Trace element deficiencies knock lambs at weaning

Practices such as liming and spreading slurry have led to many trace element deficiencies in grazing around the UK. With many farmers thinking about weaning lambs, a deficiency could cause major losses of up to 200g/day growth rates.

David Thornton, Rumenco Technical Manager explains, “It’s important to avoid any kind of nutritional gap around weaning, as it’s already a period where lambs are under stress and at risk of growth checks.

“Grass is particularly deficient in trace elements at this key time, such as selenium, cobalt, and iodine, as well as vitamins and some major elements. Practices such as liming and spreading slurry heave meant natural resources in soils have suffered over time, which could impact lamb growth rates.

“Liming raises the pH of soil to promote grass growth, however, trace elements are more readily available in lower pH soils. My advice would be to provide additional mineral supplementation to recently limed fields, in order to avoid an impact on lamb growth rates at this crucial time.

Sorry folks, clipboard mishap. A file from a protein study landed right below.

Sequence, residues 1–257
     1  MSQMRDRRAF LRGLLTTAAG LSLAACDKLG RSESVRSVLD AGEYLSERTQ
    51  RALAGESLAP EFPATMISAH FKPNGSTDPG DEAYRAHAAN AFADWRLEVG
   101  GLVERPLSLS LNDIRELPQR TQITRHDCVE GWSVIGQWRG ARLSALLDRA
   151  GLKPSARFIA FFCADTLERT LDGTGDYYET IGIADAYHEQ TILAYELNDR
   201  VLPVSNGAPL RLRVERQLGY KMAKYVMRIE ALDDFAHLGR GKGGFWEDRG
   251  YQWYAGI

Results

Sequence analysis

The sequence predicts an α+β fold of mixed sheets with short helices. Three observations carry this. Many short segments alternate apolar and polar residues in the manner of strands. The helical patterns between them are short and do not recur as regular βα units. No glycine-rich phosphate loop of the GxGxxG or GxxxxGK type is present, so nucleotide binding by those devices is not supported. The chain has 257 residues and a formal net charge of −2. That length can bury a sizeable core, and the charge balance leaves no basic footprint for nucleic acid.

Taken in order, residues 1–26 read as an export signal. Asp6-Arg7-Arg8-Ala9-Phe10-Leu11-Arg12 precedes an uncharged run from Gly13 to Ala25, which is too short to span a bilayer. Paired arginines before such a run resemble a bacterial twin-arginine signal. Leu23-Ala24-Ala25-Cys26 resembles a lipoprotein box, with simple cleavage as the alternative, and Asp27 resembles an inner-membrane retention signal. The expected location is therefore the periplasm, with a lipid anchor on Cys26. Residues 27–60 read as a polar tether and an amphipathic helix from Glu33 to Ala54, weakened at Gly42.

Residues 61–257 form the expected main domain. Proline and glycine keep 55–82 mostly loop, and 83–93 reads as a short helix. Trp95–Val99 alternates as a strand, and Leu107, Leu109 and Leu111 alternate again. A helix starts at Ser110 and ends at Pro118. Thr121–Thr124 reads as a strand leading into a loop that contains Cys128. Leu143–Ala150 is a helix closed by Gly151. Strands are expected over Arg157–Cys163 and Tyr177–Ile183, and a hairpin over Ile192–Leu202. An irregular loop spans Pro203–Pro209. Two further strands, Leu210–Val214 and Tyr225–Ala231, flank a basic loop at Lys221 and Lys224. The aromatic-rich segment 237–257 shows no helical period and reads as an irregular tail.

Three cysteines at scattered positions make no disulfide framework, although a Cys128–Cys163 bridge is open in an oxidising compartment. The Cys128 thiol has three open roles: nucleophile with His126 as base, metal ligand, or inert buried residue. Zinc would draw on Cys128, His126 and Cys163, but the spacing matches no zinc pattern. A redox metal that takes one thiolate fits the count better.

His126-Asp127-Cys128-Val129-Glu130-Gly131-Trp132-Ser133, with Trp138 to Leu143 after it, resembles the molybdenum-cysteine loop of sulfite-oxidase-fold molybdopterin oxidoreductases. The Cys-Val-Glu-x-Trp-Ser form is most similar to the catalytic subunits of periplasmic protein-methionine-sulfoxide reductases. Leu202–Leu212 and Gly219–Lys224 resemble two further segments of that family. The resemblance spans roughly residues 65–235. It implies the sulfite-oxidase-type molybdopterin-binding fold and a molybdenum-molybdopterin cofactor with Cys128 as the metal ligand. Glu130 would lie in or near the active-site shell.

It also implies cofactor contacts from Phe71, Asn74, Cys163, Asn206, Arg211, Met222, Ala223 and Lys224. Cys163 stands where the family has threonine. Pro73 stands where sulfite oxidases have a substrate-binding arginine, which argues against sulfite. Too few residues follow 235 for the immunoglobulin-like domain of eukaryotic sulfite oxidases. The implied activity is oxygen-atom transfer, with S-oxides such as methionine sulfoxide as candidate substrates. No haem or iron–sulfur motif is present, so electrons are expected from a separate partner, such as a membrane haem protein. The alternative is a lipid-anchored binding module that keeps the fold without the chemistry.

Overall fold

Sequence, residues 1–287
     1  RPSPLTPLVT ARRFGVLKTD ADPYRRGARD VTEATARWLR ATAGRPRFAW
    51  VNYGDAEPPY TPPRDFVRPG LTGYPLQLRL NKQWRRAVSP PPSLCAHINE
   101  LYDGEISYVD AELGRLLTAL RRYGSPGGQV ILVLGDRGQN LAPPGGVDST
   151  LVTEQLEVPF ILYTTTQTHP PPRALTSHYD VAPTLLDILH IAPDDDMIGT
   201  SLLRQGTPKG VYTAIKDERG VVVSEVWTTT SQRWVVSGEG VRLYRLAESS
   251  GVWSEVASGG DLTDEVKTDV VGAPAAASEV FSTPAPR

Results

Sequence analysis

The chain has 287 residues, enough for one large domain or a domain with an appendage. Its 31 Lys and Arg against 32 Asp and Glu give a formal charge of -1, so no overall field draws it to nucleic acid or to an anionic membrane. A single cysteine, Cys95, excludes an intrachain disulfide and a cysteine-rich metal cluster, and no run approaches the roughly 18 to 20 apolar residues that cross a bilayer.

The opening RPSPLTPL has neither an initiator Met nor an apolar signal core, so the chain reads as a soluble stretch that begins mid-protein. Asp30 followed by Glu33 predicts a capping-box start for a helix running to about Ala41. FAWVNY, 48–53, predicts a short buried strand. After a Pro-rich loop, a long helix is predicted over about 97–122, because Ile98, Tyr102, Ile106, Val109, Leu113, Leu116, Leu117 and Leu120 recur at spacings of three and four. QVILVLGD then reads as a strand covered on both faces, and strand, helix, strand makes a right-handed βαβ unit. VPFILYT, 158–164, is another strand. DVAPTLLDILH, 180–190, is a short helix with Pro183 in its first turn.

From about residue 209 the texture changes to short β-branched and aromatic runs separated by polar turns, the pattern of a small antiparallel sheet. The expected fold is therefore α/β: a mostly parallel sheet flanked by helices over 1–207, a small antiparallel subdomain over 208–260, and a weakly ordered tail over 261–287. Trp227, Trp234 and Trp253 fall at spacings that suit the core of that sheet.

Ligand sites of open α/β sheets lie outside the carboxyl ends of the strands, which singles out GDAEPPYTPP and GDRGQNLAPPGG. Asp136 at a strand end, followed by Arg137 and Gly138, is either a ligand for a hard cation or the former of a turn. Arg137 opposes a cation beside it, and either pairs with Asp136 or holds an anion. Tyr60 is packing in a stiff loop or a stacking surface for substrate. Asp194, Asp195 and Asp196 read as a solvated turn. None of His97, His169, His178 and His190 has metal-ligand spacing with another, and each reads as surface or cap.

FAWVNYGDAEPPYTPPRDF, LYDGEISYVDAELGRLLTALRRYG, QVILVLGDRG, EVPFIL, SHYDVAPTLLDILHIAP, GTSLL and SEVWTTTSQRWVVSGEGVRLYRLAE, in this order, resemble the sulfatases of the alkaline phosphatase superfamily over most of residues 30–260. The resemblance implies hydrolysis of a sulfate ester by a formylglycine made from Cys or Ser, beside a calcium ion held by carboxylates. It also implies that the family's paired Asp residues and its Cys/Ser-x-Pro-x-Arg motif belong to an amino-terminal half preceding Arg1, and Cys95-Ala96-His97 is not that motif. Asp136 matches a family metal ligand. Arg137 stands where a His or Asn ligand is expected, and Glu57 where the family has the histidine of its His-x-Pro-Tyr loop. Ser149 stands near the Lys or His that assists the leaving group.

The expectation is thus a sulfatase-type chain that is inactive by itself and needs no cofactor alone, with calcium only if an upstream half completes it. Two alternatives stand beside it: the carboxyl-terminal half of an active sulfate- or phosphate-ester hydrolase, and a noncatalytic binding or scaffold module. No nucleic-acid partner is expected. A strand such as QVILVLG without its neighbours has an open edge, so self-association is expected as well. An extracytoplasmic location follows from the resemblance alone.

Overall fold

“A growth check at weaning could mean lambs drop in daily live weight gain (DLWG) from around 300g/day to around only 100g/day. This is equivalent to around 1.4kilos/week, which could make up to a month’s difference to slaughter time.

“All the extra days add up to a big difference on the bottom line.

“Lambs will also be faced with a building parasite burden at this time, which can have a devastating effect on growth rates. The inclusion of diatomaceous earth in CleanSweep can help to keep on top of faecal egg counts, where control strategies are already in place, as well as supporting a balanced nutritional intake filling any deficiencies.”

On-farm trials, supported by Rumenco, showed that weaned lambs supplemented with diatomaceous earth as part of a grazing only diet, had lower faecal egg counts, significantly better daily live weight gains, cleaner fleeces and improvements in foot health, when compared to lambs fed a control diet on identical grazing.

“Although grass is plentiful for most, it’s important not to allow trace element deficiencies to limit lamb performance and cause unnecessary implications,” David concludes.

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